At this point, the Owner has been changed in the ACL object.
Hint. You can also change a file or folder ownership using the takeown.exe command.
Adding Access Control Entry
To add a Read and Write access to the group, we must create the [System.Security.AccessControl.FileSystemAccessRule](https://learn.microsoft.com/en-us/dotnet/api/system.security.accesscontrol.filesystemaccessrule) object.
# specify the new group to add
$addtlGroupIdentity = 'THEITBROS\CA IT Ops'
# define the access rights
$addtlGroupAccessRights = 'Read,Write'
# define the access type "allow/deny"
$addtlGroupAccessType = 'Allow'
$newACE = ([System.Security.AccessControl.FileSystemAccessRule]::New($addtlGroupIdentity, $addtlGroupAccessRights, $addtlGroupAccessType))
Add the new ACE to the ACL object by calling the AddAccessRule() method.
# Set the new ACE
# Display the updated ACE
$acl.Access | Format-Table
Finally, let’s modify the ACL of the directory with Set-ACL.
# Update the directory ACL
Set-Acl -Path C:\demo\dir1 -AclObject $acl
# Get the new directory ACL
Get-Acl -Path C:\demo\dir1 | Format-List
The directory ACL has been updated.
Removing Access Control Entry
Suppose the user or group is no longer eligible to access a folder, and you must remove its ACE from that directory’s ACL. Here’s how to do it.
Get the current ACL and list the ACEs.
$acl = Get-ACL -Path C:\demo\dir1
$acl.Access | Format-Table
Note the 0-index-based position of the ACE you want to remove. In this example, the ACE is at index 0.
To remove that access control entry, the command to run is:
# Remove the ACE at position 0
# Update the ACL
$acl | Set-Acl -Path C:\demo\dir1
# Confirm the ACE has been removed from the ACL
As you can see, the ACE for ‘THEITBROS\CA IT Ops’ has been removed.
Turning-Off Inheritance Without Breaking Existing Access Rights
Turning off inheritance without breaking existing access rights involves removing inheritance from an object’s ACL while preserving the existing access rights. This can be useful when you want to establish custom permissions for an object without affecting the permissions inherited from its parent. Here’s how you can achieve this using PowerShell.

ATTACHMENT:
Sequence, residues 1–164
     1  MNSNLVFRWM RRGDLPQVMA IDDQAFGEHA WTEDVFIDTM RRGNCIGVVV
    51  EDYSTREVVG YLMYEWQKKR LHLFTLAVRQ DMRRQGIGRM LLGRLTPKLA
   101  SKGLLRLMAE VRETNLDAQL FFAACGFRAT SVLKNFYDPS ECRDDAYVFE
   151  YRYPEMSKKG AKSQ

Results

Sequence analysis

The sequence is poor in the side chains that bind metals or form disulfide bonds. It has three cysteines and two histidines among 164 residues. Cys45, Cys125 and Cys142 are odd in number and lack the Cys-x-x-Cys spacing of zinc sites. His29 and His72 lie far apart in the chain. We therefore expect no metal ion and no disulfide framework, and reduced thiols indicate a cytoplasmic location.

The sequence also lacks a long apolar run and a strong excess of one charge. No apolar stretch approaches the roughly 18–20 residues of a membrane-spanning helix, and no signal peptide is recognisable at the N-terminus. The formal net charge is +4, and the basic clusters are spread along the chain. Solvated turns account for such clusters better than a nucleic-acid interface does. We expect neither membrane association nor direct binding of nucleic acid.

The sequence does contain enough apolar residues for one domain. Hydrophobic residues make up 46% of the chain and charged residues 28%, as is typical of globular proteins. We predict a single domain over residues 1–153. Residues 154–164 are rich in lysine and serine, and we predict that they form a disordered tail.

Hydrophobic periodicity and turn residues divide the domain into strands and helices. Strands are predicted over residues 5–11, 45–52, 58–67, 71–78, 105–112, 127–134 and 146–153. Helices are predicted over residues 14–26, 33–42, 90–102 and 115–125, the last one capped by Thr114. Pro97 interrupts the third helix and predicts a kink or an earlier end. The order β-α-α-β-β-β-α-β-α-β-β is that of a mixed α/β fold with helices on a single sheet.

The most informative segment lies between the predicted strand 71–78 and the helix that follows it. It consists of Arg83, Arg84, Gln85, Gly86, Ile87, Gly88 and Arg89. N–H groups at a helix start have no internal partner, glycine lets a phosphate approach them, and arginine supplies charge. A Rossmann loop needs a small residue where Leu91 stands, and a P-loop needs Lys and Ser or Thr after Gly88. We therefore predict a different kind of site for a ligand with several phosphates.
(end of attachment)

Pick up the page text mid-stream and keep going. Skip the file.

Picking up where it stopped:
First, we retrieve the current ACL of the target object.
# Define the path to the file or folder
$objectPath = "C:\demo\dir1"
# Retrieve the current ACL
$acl = Get-ACL -Path $objectPath
# Show the current inheritance status
In this example, we can confirm that the inheritance is turned on.
To remove the inheritance, we’ll call the SetAccessRuleProtection(bool isProtected, bool preserveInheritance) method. This method requires two arguments:
- isProtected (Boolean) — Sets the inheritance on or off.
- preserveInheritance (Boolean) — Indicates whether existing ACEs will be retained or removed.
# Disable inheritance while preserving existing ACEs
$acl.SetAccessRuleProtection($true, $true) # Disable inheritance, keep existing ACEs
Finally, apply the modified ACL to the object.
# Apply the modified ACL to the object
Set-ACL -Path $objectPath -AclObject $acl
Copying Permissions to Another Object
You can use that object’s ACL as a template if you have a file or folder with the exact permissions needed, including ownership.
For example, to apply the same ACL from the folder C: to C:, here’s how to do it.
First, store the existing ACL from C:\demo\dir1 in a variable using Get-ACL. Then, run Set-ACL to apply the ACL object to the C:\demo\dir2 directory.
$acl = Get-Acl -Path C:\demo\dir1
Set-Acl -Path C:\demo\dir2 -AclObject $acl
Alternatively, you can pipe the Get-ACL result to Set-ACL since the -AclObject parameter accepts pipeline inputs.
Get-Acl -Path C:\demo\dir1 | Set-Acl -Path C:\demo\dir2
No output means the operation was successful.
Caution and Best Practices
When working with permissions, exercise caution to prevent unintentional security vulnerabilities. Here are some best practices:
- Test in a Safe Environment: Before making changes in a production environment, test your PowerShell scripts in a controlled and safe environment to ensure the desired results.
- Document Changes: Maintain clear documentation of the changes you make to permissions, including who made the changes and the reasons behind them.
- Backup: Before modifying permissions, create backups of the current ACL. Exporting the object’s ACL to an XML file is the most convenient way.
- Get-Acl -Path C:\Path\To\FileOrFolder | Export-CliXml -Path C:\Path\To\ACLBackup.xml
- Doing so ensures you can revert in case of unexpected issues.
- Least Privilege: Follow the principle of least privilege, granting only the necessary permissions to users and groups to minimize security risks.
PowerShell provides robust cmdlets like Get-ACL and Set-ACL that effectively empower administrators to manage NTFS permissions on files and folders. By understanding these cmdlets and following best practices, you can maintain a secure and organized environment while ensuring the right users have the appropriate access to your data.
ACLs and ACEs provide the foundation for controlling access to resources in a secure and controlled manner. They allow administrators to define fine-grained permissions for users and groups, ensuring that sensitive data remains protected and authorized users can perform their intended actions.
Remember always to exercise caution when working with permissions.